With a high leg kick and his trademark burst, Bernard Lagat has become an expert at putting people away in the last lap of races.
For this race, though, it was getting ready for the first lap that posed the biggest challenge.
He kept telling himself he had to stay focused, not get carried away by what was happening on the track in the moments before the 5,000 meters Monday at the U.S. Olympic trials, where dozens of newly selected Olympians were parading around in their new, blue uniforms.
"I'm watching the entire parade and they're running on the track. I'm telling myself, 'I've got to concentrate,'" Lagat said.
He did, and now he's the owner of one of those uniforms, the next step in a dream that began in the sands of his native Kenya and will carry on to Beijing, where he'll be not just an Olympian, but an Olympian for his new country, the United States.
"This is the one thing I've been thinking about," he said. "This is very special."
Having secured his trip with a time of 13 minutes, 27.47 seconds, he'll also compete later this week in the 1,500 meters &
his better race. And when he heads to China, he hopes to win the gold medal that has eluded him in two previous Olympic trips.
He hopes to win it for the United States, the country he adopted four years ago.
"The best thing that could happen for me is winning the gold for the United States," Lagat said in an interview this spring. "Being an American is not something I'm going to take lightly. When I took that oath, I meant every piece of it."
No American has won the 5,000 since 1964, and no U.S. runner has ever won the 5,000 and the 1,500. Lagat has not yet decided if he'll go for the double or concentrate on the 1,500, where he has won silver (Athens) and bronze (Sydney) but has yet to stand on the top step of the podium.
The 33-year-old became the first runner to win both last year at the world championships in Osaka.
"This is something I've been thinking about since Osaka," Lagat said. "I've been looking forward to running in this meet."
On Monday, he ran the last lap in 58 seconds flat, sprinting from fourth to first, with plenty of room to spare. He beat Matt Tegenkamp by more than 2 seconds, then turned around and hugged him at the finish. Later, he donned the cap given to all new Olympians, waved the American flag and took a bow, smiling through it all.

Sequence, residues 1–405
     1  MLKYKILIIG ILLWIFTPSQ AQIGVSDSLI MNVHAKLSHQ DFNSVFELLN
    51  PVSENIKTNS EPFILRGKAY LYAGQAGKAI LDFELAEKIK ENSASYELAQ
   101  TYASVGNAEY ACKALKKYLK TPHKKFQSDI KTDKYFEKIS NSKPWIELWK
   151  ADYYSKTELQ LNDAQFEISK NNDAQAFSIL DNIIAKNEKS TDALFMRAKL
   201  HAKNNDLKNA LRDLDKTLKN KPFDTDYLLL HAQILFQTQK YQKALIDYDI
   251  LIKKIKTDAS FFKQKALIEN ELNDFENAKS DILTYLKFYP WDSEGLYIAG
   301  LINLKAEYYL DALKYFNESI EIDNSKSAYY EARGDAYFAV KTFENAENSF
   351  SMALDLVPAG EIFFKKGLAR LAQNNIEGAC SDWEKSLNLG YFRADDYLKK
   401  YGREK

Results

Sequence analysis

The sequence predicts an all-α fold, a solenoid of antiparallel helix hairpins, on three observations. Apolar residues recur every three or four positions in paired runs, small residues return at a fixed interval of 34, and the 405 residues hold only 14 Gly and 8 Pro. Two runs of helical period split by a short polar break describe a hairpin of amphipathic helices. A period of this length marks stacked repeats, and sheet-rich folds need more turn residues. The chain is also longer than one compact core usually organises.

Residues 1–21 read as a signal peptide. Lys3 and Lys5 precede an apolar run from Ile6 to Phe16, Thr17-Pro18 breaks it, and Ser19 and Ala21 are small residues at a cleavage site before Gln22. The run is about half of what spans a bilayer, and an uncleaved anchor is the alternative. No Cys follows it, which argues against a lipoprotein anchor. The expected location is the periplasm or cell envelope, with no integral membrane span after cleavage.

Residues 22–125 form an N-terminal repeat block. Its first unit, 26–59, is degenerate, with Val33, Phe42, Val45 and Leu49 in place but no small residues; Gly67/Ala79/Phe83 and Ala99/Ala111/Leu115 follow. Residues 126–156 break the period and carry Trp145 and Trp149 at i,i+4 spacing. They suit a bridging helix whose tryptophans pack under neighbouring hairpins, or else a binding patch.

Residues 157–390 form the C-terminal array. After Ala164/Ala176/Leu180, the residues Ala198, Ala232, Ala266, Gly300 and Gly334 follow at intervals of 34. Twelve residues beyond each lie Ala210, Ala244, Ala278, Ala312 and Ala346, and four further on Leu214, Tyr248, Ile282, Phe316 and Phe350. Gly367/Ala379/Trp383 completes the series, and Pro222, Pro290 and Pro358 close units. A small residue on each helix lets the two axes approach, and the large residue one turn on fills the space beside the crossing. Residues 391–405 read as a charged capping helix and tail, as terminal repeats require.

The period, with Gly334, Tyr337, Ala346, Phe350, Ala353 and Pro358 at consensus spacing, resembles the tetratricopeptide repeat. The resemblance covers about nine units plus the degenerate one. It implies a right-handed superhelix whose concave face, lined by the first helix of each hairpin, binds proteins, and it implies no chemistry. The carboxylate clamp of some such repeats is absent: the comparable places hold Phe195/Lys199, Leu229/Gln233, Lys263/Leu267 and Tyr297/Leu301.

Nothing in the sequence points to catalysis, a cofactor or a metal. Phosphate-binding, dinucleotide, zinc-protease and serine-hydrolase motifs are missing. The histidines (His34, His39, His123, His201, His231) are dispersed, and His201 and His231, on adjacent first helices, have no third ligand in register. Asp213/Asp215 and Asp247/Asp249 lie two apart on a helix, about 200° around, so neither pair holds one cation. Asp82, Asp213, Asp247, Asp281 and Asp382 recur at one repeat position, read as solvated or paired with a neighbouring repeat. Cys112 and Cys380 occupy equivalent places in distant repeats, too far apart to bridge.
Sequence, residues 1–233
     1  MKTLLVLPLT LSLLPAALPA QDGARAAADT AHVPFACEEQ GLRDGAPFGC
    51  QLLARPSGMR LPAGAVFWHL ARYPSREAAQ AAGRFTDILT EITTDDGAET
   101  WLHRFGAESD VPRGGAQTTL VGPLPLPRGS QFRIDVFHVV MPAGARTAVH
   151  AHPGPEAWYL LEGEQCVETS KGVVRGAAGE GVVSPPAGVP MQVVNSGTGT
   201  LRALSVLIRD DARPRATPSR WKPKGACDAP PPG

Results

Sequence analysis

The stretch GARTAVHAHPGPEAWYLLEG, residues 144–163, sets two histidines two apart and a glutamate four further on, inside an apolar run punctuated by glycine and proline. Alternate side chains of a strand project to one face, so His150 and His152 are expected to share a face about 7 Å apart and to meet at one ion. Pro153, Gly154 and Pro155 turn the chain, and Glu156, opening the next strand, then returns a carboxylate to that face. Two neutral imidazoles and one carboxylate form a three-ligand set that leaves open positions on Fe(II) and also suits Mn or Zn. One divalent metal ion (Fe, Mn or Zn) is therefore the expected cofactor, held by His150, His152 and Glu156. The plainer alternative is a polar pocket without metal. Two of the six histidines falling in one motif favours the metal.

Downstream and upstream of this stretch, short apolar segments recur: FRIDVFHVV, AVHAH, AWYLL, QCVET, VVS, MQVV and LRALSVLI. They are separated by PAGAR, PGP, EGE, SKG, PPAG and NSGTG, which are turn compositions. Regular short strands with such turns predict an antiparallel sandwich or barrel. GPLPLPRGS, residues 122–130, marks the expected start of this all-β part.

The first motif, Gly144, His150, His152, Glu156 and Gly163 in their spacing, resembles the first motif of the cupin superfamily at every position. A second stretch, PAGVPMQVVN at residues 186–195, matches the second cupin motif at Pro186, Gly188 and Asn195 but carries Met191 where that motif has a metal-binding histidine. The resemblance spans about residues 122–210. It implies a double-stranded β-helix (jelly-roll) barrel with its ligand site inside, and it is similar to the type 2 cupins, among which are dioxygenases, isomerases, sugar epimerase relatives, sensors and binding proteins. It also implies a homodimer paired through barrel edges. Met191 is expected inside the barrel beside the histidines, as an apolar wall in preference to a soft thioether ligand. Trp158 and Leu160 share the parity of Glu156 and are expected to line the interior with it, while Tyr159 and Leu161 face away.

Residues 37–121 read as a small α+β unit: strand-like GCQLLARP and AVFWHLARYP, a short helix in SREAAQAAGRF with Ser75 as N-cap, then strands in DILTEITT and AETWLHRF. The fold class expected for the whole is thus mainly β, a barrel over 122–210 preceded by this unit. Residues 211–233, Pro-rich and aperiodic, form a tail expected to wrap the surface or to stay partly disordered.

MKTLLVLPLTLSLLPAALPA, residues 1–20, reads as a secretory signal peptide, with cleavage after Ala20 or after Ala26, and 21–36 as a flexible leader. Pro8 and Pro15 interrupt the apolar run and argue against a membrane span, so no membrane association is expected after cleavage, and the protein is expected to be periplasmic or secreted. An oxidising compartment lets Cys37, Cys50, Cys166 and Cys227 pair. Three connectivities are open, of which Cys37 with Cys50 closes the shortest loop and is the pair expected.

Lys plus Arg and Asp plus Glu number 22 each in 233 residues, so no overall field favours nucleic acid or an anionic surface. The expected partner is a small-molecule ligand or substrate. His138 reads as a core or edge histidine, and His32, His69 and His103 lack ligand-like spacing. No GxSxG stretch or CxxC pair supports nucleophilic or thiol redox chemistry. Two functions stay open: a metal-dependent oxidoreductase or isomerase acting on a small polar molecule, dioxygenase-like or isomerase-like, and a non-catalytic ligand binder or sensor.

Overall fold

"In 2004, I just wanted to win, wanted to win really bad," Lagat said of the last Olympics he ran for Kenya. "But right now, I think there's a little more motivation for me."
Ian Dobson finished third and also will go to Beijing. Adam Goucher dropped out late in the race, meaning the chances of a husband-wife distance pairing is slim. His wife, Kara, is expected to make it in the 10,000, but Adam is only a provisional entrant in the men's 10,000.
Lagat was the headliner on a night that also included an impressive wrap-up by Bryan Clay in the decathlon.
Clay made his second straight Olympics with a personal-record score of 8,832. That marked the best score by an American in 16 years, the best in the world in four years, and beat Dan O'Brien's Olympic trials record.
"From the get-go, I said, 'This is what I'm going to do, these are the marks I'm going to put up,'" Clay said. "I don't care if it's headwinds, tail winds. I don't care how I'm feeling. I'm going to make it happen today, and that's what I did."
In the men's 400 semifinals, Jeremy Wariner and LaShawn Merritt gave a preview of their final, coming up Thursday.
Racing side by side, Wariner finished in 44.66 seconds to beat Merritt by 0.10 and set aside a surprising loss last month to the man who could prove to be his main rival. Neither man was hyping this qualifying race as much of anything &
only a warmup for bigger things to come.
"I think all Merritt and me were trying to do was just qualify, and make sure we get a preferred lane," Wariner said. "We both qualified 1-2, so it's going to be interesting to see how the lineup is come Thursday. But we'll be ready."
Lagat will also be back at it Thursday night in the 1,500 quarters. The finals for that race are Sunday evening, the last event of this 10-day marathon of selecting Olympians.
Lagat an Olympian - this time for America